The list of properties touches on just about every kind of land or dwelling imaginable: A cell phone tower. Churches. Ranch homes. Bowling alleys. Vacant land.
A typical hearing lasts less than 15 minutes. Many homeowners represent themselves -- and they have choices to make that mean even more than those moments before the appeals board.
Successful appeals require evidence of decreased market value, said Mark Saunders, chairman of the board and a real estate agent. The property owner has the burden of proof, and he or she should get a report from a certified assessor or engineer, he said.
"Just saying it's the economy isn't enough," he said.
Looking for mistakes
When an appeal is made, the county often sends an appraiser to check out the property. Property owners should
The county's goal is to check facts listed on the original assessment, said Steven Brown, a York County-based state certified appraiser.
For instance, some property assessments say there's a finished basement, but that might not be the case, Brown said. The assessor will take pictures to prove it's not a finished basement, and that's something that would prove the home is worth less than what the county has on file, he said.
Late last year, the assessment board heard an appeal from the Home Depot store in Springettsbury Township. The company presented the building drawings as evidence that the county listed the store as being larger than it is.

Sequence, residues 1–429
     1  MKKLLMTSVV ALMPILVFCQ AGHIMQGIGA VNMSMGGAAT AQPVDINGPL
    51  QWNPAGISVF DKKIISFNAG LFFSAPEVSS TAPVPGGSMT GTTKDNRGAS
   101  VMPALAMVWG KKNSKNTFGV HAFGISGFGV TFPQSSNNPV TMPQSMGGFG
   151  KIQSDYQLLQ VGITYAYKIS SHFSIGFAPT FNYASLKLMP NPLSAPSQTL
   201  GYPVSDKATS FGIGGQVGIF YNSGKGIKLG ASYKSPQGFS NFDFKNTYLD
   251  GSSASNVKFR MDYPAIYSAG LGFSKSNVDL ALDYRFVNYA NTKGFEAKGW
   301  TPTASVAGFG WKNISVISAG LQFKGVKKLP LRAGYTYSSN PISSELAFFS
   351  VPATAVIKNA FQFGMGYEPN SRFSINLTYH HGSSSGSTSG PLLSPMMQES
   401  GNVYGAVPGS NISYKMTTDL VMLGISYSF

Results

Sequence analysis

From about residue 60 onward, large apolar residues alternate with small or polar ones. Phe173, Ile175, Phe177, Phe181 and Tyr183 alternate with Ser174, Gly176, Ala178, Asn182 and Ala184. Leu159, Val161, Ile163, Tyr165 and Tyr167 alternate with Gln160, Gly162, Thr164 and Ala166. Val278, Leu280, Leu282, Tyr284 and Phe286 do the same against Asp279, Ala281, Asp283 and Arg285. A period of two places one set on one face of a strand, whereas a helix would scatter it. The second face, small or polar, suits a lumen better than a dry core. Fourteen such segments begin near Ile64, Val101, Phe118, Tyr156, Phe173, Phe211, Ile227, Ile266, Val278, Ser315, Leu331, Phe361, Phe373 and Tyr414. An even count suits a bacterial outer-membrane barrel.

But the county assessor physically measured the store and discovered something: The building was larger than the architect's drawings showed. The store, assessed at
$7.7 million, lost its appeal.
To fight his new home's value, Kaltreider didn't hire a lawyer or a professional assessment, deciding it wasn't worth the cost.
"I am not upset with that," he said. "No one likes to pay taxes. What I worry about is how equitable the system is."
Falling prices, lower value?
Housing prices have slumped since the county last established values for the purposes of taxation, so many people believe they are being overtaxed.
Reassessing properties during an economic recession does not guarantee home values will go down, said E. John Fedor, director of the county's appeal office. The purpose of a reassessment is to even the playing field by redoing everyone's value at one time.
The county last assessed all properties in 2006. The York County Commissioners will decide when to assess properties again, and they've discussed it but have made no plans yet.